NEW DELHI: The much-awaited report of the Comptroller and Auditor General (CAG) in the 2016 inter-government agreement between India and France for the sale of 36 Rafale fighter jets is ready and could be sent to Parliament “in the next two-three days”.

Sources in the CAG told ThePrint that the requisite exit conference — a discussion between the parties involved and the CAG before the auditor finalises the report — with the Ministry of Defence (MoD) had already been carried out.

The report, the sources said, was not just about Rafale, but also dealt with some other defence-related acquisitions.

There are indications that the report won’t be tabled till the last day of the ongoing budget session, either 12 or 13 February.

“All procedures have been carried out and the report is likely to be sent to Parliament in the next two-three days,” said a source. “Once it is submitted to Parliament, it has to be tabled and then sent to the Public Accounts Committee (PAC) for scrutiny,” the source added.

However, since the tenure of the current House will end in the next three months, the PAC, currently headed by Congress MP Mallikarjun Kharge, may not have adequate time to study the report.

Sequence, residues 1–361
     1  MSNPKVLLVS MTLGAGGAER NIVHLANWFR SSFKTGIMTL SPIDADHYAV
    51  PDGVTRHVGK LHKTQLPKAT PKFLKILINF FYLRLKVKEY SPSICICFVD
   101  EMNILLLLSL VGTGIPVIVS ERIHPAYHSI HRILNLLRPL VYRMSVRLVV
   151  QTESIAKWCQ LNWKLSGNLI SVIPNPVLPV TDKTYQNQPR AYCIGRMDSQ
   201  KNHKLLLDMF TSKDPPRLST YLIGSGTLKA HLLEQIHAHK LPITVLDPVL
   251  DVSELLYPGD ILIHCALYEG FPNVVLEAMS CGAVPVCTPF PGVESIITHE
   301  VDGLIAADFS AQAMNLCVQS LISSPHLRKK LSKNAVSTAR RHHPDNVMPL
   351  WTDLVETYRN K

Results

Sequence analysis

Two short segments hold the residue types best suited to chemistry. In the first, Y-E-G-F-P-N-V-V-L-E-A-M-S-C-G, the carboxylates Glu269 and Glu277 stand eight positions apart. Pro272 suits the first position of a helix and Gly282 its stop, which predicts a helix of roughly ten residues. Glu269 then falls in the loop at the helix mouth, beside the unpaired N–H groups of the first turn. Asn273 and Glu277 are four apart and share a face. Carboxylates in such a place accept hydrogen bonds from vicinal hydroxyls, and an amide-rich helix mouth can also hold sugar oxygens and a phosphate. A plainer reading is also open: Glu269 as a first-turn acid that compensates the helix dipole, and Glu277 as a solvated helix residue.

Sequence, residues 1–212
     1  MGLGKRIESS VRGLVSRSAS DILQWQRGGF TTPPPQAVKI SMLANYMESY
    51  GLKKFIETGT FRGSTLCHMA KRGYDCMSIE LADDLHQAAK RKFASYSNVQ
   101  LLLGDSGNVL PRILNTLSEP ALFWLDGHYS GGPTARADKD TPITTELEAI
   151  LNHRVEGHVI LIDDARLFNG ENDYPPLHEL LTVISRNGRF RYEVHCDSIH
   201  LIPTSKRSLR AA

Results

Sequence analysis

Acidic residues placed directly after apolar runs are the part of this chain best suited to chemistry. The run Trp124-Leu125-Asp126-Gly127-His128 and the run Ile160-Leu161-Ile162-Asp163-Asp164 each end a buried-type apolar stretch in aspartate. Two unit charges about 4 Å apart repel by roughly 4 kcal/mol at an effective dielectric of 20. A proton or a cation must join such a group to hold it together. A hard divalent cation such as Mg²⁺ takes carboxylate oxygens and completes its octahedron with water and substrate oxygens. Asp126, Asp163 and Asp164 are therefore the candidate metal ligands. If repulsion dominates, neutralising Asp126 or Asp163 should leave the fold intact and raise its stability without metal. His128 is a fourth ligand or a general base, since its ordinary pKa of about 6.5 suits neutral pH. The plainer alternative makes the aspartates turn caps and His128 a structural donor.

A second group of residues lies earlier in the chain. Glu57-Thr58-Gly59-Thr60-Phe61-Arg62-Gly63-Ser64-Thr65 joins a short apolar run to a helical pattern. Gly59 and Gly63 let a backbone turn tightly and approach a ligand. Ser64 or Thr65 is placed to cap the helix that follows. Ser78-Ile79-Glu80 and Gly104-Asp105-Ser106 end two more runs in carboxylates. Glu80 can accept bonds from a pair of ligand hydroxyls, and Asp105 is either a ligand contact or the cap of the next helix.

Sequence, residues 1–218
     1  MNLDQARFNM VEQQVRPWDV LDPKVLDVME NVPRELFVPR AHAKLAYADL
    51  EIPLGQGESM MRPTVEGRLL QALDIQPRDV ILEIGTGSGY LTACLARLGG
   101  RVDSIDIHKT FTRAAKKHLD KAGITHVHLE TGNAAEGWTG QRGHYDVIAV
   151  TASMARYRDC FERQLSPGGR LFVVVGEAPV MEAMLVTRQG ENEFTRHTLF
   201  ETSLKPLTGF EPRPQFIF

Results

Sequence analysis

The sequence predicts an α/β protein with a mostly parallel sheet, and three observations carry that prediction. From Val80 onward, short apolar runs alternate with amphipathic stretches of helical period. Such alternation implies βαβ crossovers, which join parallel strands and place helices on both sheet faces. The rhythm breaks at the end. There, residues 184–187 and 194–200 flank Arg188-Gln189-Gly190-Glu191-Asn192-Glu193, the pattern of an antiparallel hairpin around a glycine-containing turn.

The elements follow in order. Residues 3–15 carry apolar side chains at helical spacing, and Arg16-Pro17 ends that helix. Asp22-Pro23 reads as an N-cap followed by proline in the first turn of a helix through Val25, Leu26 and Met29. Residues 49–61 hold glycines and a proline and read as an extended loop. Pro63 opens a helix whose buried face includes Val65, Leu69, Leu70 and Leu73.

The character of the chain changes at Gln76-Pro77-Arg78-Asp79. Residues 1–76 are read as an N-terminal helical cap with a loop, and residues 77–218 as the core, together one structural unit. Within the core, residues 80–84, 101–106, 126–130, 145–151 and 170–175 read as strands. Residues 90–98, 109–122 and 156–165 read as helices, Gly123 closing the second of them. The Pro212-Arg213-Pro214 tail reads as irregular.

“The members of PAC, many of whom are sure to be re-nominated for the coming elections, especially those of the ruling alliance, may not be very keen to participate in the proceedings of the PAC,” said a senior Parliament functionary.

Why The CAG Report Matters

The CAG report has been keenly awaited since the Congress, led by party president Rahul Gandhi, has been trying to corner the government on the issue of alleged irregularities in the multi-billion dollar deal.

If the report flags any procedural or pricing irregularities, it will give a big boost to the opposition campaign against the Narendra Modi government ahead of the Lok Sabha election.

In case the report absolves the government, the Congress will lose a key campaign plank.

The Grammar Row

The CAG report made headlines in December last year after alleged “grammatical errors” in a note submitted by the Narendra Modi government gave the Supreme Court, which was hearing pleas seeking a probe into the deal, the impression that the document had been examined by the PAC.

The bench, headed by Chief Justice of India Ranjan Gogoi, had said that the report had been examined by the PAC, and “only a redacted portion of the report was placed before the Parliament, and is in public domain”.

The government has already moved an application in the apex court to seek factual corrections in the judgement. However, the application is yet to be heard.